The Women’s Health Questionnaire (WHQ) is a 10-page comprehensive health assessment (in English and Spanish) designed to identify medical and social risk factors among women of childbearing age in an effort to improve their health prior to conception. The WHQ is used in over 15 sites in Boston, both community health centers and outpatient hospital clinics. A case manager introduces the WHQ prior to a woman’s appointment with her medical provider.
Once completed, the form is scanned into a computer that instantly generates two reports based on the information provided, one for the patient and one for the provider. The patient report is an empowerment tool and gives the woman a summary of some of the information she indicated, including suggestions for topics she could address during the provider visit. The provider report highlights some of the important information from the WHQ as a personalized checklist for the visit, including medical risks, evidence of domestic violence, substance abuse, and it flags other concerns the provider would not necessarily have time to cover otherwise.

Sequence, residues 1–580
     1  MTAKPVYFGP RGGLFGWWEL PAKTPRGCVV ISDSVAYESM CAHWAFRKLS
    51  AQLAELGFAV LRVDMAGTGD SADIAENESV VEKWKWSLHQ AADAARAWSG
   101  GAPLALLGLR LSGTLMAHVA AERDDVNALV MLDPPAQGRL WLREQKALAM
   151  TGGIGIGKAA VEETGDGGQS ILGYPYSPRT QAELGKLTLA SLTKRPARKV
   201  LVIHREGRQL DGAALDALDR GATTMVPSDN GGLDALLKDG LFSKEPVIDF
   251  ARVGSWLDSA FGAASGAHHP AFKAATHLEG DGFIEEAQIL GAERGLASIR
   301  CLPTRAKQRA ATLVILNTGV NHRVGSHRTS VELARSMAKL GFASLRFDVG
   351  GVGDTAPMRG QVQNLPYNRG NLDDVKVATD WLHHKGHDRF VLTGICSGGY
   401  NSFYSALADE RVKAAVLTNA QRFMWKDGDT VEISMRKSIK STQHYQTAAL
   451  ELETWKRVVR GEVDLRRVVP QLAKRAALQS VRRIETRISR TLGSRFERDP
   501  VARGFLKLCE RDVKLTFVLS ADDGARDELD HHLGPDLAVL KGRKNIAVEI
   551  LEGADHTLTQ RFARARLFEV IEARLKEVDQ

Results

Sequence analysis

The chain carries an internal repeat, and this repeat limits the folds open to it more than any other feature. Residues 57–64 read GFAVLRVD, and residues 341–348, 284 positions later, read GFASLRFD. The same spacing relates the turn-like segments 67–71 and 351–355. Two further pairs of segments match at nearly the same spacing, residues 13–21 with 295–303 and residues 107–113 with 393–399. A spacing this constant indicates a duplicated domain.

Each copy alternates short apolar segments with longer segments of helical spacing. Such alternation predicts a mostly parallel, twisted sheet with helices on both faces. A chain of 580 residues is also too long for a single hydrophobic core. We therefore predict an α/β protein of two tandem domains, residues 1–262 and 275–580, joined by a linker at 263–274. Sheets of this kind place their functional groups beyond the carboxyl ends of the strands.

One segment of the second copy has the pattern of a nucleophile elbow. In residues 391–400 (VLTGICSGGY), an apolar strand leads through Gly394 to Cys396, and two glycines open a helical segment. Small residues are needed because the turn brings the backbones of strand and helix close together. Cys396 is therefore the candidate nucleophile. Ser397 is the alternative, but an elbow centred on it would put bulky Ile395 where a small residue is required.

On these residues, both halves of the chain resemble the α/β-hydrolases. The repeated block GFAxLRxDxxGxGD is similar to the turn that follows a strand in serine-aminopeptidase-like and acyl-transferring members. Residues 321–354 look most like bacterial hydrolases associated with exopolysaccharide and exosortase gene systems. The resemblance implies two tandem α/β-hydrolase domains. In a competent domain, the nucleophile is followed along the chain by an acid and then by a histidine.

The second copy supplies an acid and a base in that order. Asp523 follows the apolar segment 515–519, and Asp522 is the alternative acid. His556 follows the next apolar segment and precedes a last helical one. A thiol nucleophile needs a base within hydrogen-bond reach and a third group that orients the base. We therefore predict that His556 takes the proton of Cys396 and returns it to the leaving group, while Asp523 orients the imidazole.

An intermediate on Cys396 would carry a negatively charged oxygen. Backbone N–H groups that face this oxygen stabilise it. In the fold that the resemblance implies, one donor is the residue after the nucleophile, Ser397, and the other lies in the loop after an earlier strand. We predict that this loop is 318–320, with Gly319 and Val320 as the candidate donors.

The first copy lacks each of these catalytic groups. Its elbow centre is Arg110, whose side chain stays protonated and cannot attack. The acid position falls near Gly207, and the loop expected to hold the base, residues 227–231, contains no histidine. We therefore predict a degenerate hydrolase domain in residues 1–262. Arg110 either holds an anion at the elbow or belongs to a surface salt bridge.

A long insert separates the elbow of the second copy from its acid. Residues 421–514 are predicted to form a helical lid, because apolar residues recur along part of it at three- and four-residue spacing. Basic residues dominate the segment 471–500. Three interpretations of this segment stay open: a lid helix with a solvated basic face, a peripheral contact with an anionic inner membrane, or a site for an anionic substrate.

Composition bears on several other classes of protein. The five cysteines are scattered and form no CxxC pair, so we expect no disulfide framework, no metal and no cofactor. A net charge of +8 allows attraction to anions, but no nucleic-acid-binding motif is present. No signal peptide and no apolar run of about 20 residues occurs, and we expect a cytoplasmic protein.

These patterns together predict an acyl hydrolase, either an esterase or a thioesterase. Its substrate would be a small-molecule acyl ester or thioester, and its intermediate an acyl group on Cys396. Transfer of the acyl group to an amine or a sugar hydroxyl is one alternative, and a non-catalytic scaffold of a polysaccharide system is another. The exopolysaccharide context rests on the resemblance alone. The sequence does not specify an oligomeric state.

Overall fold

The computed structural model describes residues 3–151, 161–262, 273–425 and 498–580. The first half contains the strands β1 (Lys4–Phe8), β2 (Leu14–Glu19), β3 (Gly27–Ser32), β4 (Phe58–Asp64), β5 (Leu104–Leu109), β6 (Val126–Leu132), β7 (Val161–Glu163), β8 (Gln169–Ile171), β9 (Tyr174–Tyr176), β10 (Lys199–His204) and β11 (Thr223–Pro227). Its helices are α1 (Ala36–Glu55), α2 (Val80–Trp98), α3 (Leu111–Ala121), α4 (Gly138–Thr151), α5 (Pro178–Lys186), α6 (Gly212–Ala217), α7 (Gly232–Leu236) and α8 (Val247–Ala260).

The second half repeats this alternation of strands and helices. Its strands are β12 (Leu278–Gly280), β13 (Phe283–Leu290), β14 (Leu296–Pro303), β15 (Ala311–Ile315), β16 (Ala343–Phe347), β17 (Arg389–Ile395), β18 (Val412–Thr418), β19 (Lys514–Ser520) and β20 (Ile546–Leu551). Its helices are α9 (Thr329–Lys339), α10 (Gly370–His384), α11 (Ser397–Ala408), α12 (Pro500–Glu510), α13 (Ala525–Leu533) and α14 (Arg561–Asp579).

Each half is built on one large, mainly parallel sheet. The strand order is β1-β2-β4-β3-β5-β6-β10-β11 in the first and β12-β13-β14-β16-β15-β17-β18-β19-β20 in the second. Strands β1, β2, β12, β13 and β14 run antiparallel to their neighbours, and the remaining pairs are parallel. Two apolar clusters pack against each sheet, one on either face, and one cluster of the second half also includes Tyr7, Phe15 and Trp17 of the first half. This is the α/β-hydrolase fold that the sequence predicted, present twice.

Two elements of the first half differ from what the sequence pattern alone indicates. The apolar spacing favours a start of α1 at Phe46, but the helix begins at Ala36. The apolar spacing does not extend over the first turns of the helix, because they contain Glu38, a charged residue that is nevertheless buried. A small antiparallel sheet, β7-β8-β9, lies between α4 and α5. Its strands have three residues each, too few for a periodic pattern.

The Women's Health Questionnaire was developed as a result of information gathered during case-by-case interviews for Boston's infant mortality reviews in the early 1990s. The findings showed significant gaps between women's needs and the services received, patient dissatisfaction with care, undetected infections, and high levels of stress. Due to the persistent racial disparity in infant mortality reviews, particular attention was paid to African American women's health in Boston, because the problem did not seem to be adequacy of prenatal care but poor health prior to conception. The goal of the WHQ was to learn more about women’s health and identify and address risk factors prior to their becoming pregnant. Using an advisory group with experts in many fields, the WHQ was developed to cover several non-traditional topics, such as environmental health exposures, neighborhood safety, violence, economic concerns, and patient satisfaction with care.